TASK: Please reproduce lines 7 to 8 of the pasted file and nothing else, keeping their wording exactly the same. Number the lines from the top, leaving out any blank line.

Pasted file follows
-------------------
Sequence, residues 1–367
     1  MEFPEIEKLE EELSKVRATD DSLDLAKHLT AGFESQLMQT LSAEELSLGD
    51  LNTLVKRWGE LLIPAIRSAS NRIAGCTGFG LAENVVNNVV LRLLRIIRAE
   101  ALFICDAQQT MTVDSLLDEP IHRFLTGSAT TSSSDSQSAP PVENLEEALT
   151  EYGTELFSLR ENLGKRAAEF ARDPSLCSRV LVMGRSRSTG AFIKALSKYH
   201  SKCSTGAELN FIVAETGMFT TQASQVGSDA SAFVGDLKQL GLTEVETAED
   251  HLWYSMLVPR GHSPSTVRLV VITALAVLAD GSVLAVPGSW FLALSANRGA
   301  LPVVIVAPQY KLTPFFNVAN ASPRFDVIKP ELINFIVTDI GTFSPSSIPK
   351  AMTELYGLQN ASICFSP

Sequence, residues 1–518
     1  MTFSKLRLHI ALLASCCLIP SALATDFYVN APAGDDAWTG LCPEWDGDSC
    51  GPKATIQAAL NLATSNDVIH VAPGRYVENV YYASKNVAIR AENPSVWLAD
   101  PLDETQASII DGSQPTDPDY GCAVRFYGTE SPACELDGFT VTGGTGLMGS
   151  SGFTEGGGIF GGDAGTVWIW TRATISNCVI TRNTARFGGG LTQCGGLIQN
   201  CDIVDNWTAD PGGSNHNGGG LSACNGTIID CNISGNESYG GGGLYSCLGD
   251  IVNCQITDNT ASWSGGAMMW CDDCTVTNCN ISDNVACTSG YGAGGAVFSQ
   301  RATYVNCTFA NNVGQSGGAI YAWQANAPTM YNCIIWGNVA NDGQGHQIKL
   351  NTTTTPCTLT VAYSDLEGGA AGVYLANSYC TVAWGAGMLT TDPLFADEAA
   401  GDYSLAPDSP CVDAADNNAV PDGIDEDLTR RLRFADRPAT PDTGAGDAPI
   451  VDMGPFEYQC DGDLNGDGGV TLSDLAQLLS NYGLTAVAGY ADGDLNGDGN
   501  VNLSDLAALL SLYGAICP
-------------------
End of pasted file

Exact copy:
   251  HLWYSMLVPR GHSPSTVRLV VITALAVLAD GSVLAVPGSW FLALSANRGA
   301  LPVVIVAPQY KLTPFFNVAN ASPRFDVIKP ELINFIVTDI GTFSPSSIPK